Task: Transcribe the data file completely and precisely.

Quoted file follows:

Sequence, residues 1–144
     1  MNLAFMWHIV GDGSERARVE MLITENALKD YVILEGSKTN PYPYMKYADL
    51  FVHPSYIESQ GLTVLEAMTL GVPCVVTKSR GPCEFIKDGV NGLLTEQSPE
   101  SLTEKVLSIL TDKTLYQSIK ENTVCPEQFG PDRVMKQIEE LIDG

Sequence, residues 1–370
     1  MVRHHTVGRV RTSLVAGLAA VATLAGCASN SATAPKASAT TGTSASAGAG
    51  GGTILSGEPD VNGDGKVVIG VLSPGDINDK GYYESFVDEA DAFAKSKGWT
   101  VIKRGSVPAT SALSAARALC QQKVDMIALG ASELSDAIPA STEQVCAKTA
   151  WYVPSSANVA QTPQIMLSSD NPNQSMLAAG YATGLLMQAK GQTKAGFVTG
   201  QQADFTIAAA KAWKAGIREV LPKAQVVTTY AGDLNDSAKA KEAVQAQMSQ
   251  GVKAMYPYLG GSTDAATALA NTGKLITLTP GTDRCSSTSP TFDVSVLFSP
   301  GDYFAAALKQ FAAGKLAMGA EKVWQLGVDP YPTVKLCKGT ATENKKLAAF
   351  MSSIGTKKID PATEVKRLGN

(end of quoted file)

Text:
Sequence, residues 1–144
     1  MNLAFMWHIV GDGSERARVE MLITENALKD YVILEGSKTN PYPYMKYADL
    51  FVHPSYIESQ GLTVLEAMTL GVPCVVTKSR GPCEFIKDGV NGLLTEQSPE
   101  SLTEKVLSIL TDKTLYQSIK ENTVCPEQFG PDRVMKQIEE LIDG

Sequence, residues 1–370
     1  MVRHHTVGRV RTSLVAGLAA VATLAGCASN SATAPKASAT TGTSASAGAG
    51  GGTILSGEPD VNGDGKVVIG VLSPGDINDK GYYESFVDEA DAFAKSKGWT
   101  VIKRGSVPAT SALSAARALC QQKVDMIALG ASELSDAIPA STEQVCAKTA
   151  WYVPSSANVA QTPQIMLSSD NPNQSMLAAG YATGLLMQAK GQTKAGFVTG
   201  QQADFTIAAA KAWKAGIREV LPKAQVVTTY AGDLNDSAKA KEAVQAQMSQ
   251  GVKAMYPYLG GSTDAATALA NTGKLITLTP GTDRCSSTSP TFDVSVLFSP
   301  GDYFAAALKQ FAAGKLAMGA EKVWQLGVDP YPTVKLCKGT ATENKKLAAF
   351  MSSIGTKKID PATEVKRLGN